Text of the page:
Fifth grade student successfully hatches quail’s egg bought from store

Fifth grade student successfully hatches quail’s egg bought from store

Isshin Nakasone holding a baby quail named “Uzupee” that he raised from the egg. Uzupee closes its eyes comfortably.

January 15, 2018 Ryukyu Shimpo

Ten-year-old Isshin Nakasone, fifth-grade student at Hagoromo Elementary School in Ginowan, successfully hatched five quails out of 19 eggs that he bought at a store last June. According to his mother Eri ,38, they did not have many expectations before they started the hatching process. However, with a great surprise, one of the surviving birds calls cheerfully to this day.

Isshin likes animals and takes care of two pairs of tortoises and iguanas. He especially loves hatching eggs and raising baby animals. He commented on the quails, saying “they were really cute,” and he also made a one-meter tall poster to explain the hatching process. The poster received a gold award at his school.

When the egg incubation project started, Isshin had been having difficulty going to school. Now he has gained great confidence after raising the quails and grew through the process. As her son insists he can raise quails again, Eri responses with a worrying smile, saying “there is no more room.” She continues as she smiles, “we parents want to trust our children, let them do what they are interested in, and help them grow.”

Baby quails hatched from eggs sold at a store

There is an array of tanks for his animals in the apartment in Ginowan where the family lives. The boy was determined to take care of birds, so he studied how to raise them and convinced his mother who previously said “we won’t have any more animals in house.” He bought two packs of quail eggs from a neighboring super market with his pocket money on May 28.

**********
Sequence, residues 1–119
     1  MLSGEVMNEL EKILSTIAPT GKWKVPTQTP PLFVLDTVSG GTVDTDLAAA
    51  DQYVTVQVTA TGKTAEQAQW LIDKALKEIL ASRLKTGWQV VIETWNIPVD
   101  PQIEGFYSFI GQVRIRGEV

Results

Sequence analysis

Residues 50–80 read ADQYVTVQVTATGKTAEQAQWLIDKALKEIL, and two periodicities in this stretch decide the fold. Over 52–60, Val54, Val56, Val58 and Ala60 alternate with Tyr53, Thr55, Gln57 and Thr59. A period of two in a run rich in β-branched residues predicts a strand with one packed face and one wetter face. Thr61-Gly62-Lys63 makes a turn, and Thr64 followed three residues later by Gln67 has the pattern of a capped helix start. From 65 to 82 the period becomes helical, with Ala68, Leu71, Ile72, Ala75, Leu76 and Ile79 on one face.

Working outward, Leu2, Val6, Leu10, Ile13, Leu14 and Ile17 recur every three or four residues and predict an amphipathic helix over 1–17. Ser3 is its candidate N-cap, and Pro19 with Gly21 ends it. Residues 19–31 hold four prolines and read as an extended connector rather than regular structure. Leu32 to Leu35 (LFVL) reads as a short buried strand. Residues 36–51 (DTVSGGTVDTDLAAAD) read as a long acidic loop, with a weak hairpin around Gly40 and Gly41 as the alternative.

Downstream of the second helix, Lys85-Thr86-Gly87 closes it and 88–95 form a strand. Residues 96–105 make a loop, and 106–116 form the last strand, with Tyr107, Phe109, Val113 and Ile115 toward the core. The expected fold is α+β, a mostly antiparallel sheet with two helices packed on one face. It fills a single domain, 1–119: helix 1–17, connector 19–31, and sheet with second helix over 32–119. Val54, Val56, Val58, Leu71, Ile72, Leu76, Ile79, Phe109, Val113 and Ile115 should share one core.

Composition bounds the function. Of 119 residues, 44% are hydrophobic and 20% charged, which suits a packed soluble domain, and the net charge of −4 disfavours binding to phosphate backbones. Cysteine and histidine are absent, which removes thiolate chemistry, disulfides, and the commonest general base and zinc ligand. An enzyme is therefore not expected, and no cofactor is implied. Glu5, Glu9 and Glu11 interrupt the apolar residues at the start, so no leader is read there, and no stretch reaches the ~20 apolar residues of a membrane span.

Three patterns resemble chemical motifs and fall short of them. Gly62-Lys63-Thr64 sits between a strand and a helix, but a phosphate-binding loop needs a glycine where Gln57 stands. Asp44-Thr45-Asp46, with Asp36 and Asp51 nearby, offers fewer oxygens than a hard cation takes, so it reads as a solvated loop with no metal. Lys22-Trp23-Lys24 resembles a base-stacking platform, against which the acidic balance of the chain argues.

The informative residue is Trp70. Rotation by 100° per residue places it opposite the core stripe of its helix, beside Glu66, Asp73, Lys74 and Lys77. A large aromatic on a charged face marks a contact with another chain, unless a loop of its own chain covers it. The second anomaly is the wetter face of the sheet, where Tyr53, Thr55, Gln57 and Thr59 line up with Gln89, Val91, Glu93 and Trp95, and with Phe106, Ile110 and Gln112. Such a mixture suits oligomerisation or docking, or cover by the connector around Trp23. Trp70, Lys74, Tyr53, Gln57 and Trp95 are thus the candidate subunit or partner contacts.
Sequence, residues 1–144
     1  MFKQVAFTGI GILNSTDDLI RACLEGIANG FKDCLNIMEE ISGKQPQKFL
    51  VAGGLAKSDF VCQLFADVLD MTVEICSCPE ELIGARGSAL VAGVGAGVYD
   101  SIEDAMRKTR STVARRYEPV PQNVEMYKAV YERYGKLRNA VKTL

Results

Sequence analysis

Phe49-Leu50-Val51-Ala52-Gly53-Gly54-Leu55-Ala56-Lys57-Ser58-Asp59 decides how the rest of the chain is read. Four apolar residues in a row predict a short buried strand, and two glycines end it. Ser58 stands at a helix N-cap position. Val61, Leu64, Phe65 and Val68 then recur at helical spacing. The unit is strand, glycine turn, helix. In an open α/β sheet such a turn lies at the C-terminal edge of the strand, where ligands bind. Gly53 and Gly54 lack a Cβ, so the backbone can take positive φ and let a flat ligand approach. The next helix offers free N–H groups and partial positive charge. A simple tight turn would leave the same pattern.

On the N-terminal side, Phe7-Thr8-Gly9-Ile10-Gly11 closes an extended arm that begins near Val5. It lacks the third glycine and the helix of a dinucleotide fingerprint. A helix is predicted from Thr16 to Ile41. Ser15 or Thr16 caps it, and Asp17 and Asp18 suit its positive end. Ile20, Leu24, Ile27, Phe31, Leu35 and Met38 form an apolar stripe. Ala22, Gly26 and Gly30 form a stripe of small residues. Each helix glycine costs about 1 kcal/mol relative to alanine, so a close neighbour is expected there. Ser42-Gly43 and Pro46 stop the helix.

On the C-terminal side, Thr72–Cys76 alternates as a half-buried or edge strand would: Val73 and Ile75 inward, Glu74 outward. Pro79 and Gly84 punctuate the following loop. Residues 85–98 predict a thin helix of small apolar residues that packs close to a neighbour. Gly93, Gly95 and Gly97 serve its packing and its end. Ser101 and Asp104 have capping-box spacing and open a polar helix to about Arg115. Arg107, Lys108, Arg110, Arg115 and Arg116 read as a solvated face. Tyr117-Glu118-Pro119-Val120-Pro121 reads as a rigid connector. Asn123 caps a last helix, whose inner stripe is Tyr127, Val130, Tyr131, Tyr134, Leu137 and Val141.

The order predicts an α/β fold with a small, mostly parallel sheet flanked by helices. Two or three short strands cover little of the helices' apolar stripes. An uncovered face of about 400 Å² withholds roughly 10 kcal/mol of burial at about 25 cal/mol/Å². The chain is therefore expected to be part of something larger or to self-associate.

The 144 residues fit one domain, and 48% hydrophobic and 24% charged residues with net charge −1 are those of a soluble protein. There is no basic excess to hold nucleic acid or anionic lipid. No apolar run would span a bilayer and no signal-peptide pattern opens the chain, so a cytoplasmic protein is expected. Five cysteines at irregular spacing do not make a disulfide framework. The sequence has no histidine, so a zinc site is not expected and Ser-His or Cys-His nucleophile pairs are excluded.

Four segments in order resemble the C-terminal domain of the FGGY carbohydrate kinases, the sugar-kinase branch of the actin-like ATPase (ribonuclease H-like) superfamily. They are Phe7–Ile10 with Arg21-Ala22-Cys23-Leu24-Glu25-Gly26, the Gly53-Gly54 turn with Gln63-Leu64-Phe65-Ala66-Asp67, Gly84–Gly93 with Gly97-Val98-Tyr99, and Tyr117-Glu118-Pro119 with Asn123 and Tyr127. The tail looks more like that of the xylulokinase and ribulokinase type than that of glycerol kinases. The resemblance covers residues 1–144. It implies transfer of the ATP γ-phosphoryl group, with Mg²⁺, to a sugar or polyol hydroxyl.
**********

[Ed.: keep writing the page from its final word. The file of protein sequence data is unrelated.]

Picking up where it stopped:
He placed 19 eggs, except for one cracked one, in a case filled with cotton and thermal equipment for turtles to control temperature and humidity. Checking the eggs was the first thing he did every morning, and his 14 years old sister Kokona also took care of the eggs by rotating them every three to four hours. He also did not stop taking care of them on the days he could not attend his school.

Eight days after the project started, they were able to observe growing blood vessels in eight eggs when they held the, under lights. Isshin was excited about the possibiltiy for having all eight eggs hatch, and recorded the development process throughly on photos.

Most eggs sold at stores are usually infertile and do not hatch. His mother Eri laughs while saying, “We heard that it’s hard to tell a quails’ sex and that the eggs sold in stores tend to have more sperm eggs by accident. But I didn’t think eight of them would hatch. So while I was excited, I worried what we would do with them.”

They watched the eggs every couple of days by placing them under a light, but since they learned it is better to leave them untouched, they waited in patience after day 13. The baby birds started calling in their egg shells, and the first egg finally hatched on day 16. Five birds hatched in three days.

There were many discoveries as they hatched the quails – the babies start walking right after they hatch, the baby quails eat by themselves, they sleep face-down with their legs spread “as if they were dead” and although each bird has different patterns on their feathers it becoms difficult to notice once they are grown. The family enjoyed having active conversations while raising the birds.

Isshin currently goes to an adaptation class hosted by the city educational board away from his regular school. His mother, Eri smiles, “we were worried about him not going to school, there wasn’t much to be done since he himself wanted to go to school but could not. We want to nurture our trusting relationship with our child and work with him to do what he wants to do.”

(English translation by T&CT and Sayaka Sakuma)

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